There are a couple of alternatives to spine fusion surgery that may be considered for patients with low back pain from lumbar degenerative disc disease. Currently, the main fusion alternatives include:
- IDET. or Intradiscal electrothermal coagulation (or annuloplasty). This procedure involves inserting a needle into the lumbar disc space, passing a catheter through the needle, and heating up the annulus (the outer core of the disc space). The exact mechanism by which the procedure relieves pain has not been clearly established, but it is theorized that the heat contracts and thickens collagen fibers in the disc wall, which in turn seals up painful tears and cracks and reduces pain. The procedure also cauterizes nerve endings which is thought to make them less sensitive. Not all patients benefit from IDET, and the treatment is more likely to help people with less severe degenerative disc disease than people with significant disc degeneration. IDET is minimally invasive and usually done on an outpatient basis (no overnight hospital stay) under mild sedation and a local anesthetic. Although the procedure is minimally invasive it has largely fallen out of favor in the spine world as it has marginal clinical efficacy. Most insurance companies no longer cover the procedure.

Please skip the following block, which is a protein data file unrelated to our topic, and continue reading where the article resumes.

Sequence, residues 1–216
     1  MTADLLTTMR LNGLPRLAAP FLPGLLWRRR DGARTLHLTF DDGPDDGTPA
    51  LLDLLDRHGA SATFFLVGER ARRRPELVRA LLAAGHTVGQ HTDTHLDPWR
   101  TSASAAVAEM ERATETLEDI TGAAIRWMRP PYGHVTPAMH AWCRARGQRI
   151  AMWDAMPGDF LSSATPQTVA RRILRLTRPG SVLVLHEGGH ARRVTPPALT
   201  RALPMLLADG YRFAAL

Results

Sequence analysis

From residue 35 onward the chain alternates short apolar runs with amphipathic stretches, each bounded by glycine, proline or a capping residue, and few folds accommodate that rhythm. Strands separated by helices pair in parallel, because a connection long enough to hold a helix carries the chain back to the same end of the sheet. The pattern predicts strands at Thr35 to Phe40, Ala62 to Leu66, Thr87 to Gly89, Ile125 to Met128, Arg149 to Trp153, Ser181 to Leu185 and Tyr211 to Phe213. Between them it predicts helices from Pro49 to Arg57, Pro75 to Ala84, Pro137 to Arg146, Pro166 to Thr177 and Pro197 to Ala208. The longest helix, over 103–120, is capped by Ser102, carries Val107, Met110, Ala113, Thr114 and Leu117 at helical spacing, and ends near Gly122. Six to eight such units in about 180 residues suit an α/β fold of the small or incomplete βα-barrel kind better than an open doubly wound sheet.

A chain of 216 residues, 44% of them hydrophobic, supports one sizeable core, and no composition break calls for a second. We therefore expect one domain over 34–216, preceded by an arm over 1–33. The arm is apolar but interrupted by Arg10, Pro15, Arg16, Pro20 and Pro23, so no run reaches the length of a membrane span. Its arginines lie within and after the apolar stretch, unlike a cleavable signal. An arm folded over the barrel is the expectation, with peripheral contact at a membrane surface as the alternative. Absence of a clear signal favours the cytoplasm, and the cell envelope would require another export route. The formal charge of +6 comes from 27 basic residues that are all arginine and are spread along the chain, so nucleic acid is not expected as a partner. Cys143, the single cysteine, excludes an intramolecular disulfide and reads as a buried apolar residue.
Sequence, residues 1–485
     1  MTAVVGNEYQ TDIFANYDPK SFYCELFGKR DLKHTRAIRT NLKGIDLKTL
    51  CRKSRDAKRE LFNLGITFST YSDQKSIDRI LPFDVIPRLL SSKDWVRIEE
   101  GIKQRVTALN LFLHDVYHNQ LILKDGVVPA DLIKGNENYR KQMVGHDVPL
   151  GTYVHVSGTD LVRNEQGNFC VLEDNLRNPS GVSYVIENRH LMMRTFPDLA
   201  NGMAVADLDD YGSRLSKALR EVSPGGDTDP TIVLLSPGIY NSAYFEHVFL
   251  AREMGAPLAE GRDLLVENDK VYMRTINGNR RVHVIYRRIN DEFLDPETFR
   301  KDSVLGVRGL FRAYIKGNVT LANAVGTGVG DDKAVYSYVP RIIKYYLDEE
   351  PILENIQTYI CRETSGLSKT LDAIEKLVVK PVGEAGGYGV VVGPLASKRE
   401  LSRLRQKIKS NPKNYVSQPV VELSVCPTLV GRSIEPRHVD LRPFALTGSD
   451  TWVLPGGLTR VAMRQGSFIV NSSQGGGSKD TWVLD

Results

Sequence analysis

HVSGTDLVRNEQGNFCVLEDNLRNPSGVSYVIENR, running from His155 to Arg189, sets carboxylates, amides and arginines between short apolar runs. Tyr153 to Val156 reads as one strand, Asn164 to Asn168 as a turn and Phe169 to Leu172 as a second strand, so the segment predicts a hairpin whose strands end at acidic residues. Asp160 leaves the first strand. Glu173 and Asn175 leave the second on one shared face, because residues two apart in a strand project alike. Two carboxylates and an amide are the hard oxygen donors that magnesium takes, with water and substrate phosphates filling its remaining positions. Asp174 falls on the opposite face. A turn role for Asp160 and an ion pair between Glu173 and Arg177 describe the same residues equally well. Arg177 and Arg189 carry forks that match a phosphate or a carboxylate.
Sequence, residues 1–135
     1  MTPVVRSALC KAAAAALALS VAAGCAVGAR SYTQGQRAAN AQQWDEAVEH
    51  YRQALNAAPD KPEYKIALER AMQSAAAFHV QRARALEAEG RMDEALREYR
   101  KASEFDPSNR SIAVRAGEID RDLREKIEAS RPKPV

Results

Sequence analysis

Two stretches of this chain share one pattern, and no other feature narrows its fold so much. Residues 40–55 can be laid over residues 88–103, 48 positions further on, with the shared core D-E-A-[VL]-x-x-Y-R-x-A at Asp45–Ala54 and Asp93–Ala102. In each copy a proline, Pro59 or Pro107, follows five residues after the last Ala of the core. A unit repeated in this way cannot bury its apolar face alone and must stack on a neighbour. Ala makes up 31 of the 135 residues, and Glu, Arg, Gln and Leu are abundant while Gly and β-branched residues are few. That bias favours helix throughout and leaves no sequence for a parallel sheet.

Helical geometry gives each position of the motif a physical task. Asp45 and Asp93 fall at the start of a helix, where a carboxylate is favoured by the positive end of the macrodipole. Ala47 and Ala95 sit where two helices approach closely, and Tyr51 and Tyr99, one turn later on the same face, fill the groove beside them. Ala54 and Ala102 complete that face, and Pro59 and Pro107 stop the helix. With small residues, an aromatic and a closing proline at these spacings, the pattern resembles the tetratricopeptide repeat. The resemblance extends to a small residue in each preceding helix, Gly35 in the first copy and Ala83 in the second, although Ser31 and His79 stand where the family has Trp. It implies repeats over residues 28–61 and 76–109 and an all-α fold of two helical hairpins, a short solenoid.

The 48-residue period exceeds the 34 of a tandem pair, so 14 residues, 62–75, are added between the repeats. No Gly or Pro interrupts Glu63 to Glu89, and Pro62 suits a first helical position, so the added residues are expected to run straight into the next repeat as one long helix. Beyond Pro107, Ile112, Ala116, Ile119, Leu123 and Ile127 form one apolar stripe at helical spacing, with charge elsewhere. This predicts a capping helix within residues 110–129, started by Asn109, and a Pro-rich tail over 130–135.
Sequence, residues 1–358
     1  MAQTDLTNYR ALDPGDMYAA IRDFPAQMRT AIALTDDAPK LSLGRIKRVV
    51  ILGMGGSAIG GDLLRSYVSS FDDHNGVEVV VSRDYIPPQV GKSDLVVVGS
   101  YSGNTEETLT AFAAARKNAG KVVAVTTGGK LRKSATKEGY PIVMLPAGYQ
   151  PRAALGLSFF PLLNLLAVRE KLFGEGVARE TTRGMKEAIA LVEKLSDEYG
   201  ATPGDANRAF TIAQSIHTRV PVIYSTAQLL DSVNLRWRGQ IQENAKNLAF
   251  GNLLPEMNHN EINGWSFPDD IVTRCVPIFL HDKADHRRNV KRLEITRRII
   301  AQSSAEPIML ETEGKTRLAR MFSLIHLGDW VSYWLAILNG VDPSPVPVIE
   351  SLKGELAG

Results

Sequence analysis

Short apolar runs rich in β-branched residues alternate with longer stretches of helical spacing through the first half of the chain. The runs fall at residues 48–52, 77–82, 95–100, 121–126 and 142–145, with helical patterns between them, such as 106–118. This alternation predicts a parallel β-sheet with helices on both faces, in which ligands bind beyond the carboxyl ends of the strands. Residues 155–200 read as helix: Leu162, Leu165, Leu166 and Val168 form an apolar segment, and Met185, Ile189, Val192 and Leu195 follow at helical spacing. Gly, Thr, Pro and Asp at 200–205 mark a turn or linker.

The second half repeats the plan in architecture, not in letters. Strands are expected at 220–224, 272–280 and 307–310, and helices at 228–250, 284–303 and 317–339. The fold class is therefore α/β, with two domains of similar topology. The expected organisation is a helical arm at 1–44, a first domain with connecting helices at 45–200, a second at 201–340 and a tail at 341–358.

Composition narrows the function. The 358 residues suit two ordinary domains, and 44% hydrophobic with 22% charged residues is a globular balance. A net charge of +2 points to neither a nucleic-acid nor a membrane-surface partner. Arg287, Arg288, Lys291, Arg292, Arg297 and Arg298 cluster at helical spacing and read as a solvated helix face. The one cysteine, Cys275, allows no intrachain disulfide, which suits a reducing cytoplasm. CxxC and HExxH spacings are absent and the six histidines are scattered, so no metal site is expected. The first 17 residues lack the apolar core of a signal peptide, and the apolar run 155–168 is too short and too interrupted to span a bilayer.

In This Article:
- Artificial discs. Disc replacement surgery involves replacing the painful disc in the spine with an artificial disc. As of August 2006, two brands of lumbar artificial disc are available for use in patients in the U.S.: the Charite lumbar artificial disc and the PRODISC-L lumbar artificial disc. A number of other artificial disc brands are in the clinical trial testing phase. The goal of artificial disc replacement surgery is to preserve the normal motion of the spine (unlike fusion, which eliminates motion at the painful spinal segment). Artificial disc surgery has two primary theoretical advantages over spinal fusion; 1) it is thought that preserving spinal motion reduces the risk that other segments of the lumbar spine will wear down prematurely; 2) it is believed that artificial disc surgery may achieve better pain reduction than fusion. However, these potential benefits come at the expense of greater risk with the surgery. Any motion preservation device can fail by extrusion or wearing out with time. Revision surgeries are expensive and extremely dangerous. The risk/benefit ratio of artificial disc vs fusion is still largely unknown, and currently many insurance companies are not covering the procedure.